The nighttime on Friday brought to the main, Full Moon stage, String Cheese Incident; one of the two main festival headliners. This was their second night’s performance, however I and many others unfortunately had to miss the first show on Thursday. As such, I was super excited and even more eager to jam out at Fridays show, and of course, SCI did not disappoint. The band has been jamming together for 20 years since forming in Colorado, and this year serves as an anniversary tour for them, highlighting all the music and progress as a band they have made along the way. All of this contributed to an amazing show. String Cheese Incident started and ended the set with Rollover, and also played a great Jellyfish, with the crowd passing around a giant paper Mache jellyfish throughout. Immediately after the SCI set, the highlight of the night occurred.
The band appeared back on stage, this time as an iteration called Lunar Landing Conspiracy. The band embraced the Phases of the Moon identity, played only mooned themed songs with some spectacular guests. They opened with 2001: A Space Odyssey and went into Moon Rocks and Yellow Moon, joined by Mofro Horns. Other guests included JJ Grey and Bill Payne, and also Vince Herman of Leftover Salmon and Sunshine Garcia. During the set, fire dancers performed on stage, and were highlighted by one more fire dancer and acrobat who performed on a giant steel star with flames erupting that descended from above the stage. She performed while the band played to the crowd for a truly unique and exciting experience. The cover of both Walking on the Moon, and Brain Damage had the crowd going nuts, singing along and dancing. Everyone on hand was clearly in the “Moon” spirit that night.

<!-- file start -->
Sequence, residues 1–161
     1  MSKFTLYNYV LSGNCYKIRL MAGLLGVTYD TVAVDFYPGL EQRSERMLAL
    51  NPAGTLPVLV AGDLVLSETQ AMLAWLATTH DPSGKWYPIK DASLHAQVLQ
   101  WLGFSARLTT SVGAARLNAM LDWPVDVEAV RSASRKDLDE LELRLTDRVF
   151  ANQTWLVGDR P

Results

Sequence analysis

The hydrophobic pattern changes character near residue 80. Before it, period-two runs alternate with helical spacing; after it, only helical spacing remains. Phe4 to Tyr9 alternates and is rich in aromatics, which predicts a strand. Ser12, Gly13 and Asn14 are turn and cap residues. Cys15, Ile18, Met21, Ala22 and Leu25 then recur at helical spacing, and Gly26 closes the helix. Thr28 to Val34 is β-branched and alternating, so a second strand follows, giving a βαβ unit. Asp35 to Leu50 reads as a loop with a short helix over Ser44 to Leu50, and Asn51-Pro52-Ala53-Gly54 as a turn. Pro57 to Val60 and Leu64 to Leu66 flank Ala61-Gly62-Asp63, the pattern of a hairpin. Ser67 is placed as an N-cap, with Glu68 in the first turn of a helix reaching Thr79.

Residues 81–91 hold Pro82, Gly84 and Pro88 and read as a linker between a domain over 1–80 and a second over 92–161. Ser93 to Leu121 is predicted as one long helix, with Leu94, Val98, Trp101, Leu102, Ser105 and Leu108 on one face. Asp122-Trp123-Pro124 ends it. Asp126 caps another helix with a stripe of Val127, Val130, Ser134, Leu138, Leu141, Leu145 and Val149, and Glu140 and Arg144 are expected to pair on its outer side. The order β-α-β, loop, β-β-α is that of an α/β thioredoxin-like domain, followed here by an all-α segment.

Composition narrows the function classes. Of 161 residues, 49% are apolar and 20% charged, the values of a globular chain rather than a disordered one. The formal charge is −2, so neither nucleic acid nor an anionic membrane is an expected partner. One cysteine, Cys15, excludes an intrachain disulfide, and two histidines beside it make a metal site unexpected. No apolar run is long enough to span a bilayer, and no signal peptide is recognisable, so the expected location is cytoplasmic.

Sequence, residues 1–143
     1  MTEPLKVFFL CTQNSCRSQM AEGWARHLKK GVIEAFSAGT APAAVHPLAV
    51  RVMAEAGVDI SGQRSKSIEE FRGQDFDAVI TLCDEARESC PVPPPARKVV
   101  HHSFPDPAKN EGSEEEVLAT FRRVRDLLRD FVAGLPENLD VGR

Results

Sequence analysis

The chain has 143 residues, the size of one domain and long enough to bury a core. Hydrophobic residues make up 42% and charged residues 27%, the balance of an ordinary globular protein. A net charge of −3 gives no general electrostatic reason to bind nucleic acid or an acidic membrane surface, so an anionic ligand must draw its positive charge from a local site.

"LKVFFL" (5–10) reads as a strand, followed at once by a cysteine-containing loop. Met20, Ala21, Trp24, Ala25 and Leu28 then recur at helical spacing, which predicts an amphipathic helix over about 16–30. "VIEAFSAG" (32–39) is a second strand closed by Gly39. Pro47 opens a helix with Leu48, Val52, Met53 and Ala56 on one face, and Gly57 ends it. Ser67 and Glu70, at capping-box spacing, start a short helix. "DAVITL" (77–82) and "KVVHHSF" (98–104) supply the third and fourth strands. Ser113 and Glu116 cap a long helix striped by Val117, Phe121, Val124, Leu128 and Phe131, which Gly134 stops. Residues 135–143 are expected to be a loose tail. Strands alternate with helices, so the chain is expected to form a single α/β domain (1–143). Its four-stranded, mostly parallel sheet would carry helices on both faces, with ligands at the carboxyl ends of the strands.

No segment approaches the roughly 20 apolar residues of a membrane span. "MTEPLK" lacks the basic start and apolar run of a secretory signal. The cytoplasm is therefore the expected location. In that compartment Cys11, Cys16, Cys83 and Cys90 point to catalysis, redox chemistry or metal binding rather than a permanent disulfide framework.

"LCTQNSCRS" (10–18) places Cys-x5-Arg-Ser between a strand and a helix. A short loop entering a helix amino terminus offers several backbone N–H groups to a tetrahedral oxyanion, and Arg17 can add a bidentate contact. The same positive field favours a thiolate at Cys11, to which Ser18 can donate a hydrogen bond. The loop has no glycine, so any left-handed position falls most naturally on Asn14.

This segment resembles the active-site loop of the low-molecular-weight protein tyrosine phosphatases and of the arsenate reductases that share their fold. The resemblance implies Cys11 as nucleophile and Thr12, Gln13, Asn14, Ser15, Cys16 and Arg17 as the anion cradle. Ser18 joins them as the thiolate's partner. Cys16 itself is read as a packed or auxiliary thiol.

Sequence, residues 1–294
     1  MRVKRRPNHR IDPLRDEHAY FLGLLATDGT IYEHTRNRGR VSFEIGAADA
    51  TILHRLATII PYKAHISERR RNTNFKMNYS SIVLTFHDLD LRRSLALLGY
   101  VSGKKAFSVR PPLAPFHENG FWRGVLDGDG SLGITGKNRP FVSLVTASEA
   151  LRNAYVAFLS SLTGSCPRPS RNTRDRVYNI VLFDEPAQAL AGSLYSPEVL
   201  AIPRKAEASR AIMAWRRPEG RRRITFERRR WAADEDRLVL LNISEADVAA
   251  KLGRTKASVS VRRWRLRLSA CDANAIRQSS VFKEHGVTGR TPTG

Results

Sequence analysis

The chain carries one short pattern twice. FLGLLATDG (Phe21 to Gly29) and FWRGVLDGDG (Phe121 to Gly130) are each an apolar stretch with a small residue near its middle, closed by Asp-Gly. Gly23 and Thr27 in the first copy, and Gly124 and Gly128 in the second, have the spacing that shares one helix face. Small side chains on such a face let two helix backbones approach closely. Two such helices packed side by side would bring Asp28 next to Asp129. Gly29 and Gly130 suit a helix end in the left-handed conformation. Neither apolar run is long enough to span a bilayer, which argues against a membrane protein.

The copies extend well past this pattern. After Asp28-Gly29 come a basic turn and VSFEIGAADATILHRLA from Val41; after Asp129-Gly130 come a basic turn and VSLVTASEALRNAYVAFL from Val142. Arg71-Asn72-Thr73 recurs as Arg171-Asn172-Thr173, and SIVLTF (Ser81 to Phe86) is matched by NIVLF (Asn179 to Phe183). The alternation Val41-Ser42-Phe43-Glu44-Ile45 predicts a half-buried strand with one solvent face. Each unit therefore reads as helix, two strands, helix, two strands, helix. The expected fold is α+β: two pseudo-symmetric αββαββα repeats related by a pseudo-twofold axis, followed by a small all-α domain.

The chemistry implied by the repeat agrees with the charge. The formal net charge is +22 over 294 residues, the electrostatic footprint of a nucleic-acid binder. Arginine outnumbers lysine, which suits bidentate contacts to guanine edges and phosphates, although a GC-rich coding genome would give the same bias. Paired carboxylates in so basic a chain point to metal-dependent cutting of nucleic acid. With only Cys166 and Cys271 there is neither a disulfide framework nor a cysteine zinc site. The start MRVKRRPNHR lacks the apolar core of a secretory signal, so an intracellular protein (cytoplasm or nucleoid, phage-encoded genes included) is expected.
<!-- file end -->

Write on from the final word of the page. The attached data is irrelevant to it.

After another night camped out in the Kennekuk County Fair Grounds, I awoke and explored more music and arts on offer for the day. I witnessed the crowd jamming along to A Live One, a Phish tribute band. They played some Phish classics such as Meatstick, Harry Hood, and You Enjoy Myself, to a receptive audience. They played on the quainter and intimate Town Square stage. Later that day, also on the same stage I watched and thoroughly enjoyed the powerful voice of Sister Sparrow, and the amazing backups of the Dirty Birds. Arleigh Kincheloe is the face of this group that calls Brooklyn, New York its home. She takes control of the stage and is a great presence to the crowd. She can belt out a note on cue, and also be soft and silly when she wants to be. Sister Sparrow’s Dirty Birds are all great musicians in their own right, and each individually can rock a groove and impress.
Following Sister Sparrow and the Dirty Bird’s performance, I enjoyed some of the performance arts that the Phases of the Moon festival had to offer. The Harvest Moon stage offered many great acts, including juggling and acrobatics, and many talented performers with various artistic backgrounds. This stage was situated in the middle of the concert grounds, allowing passersby to stop for a few moments and enjoy some great shows of aerial acrobatics, hula hooping, fire dancing, and more.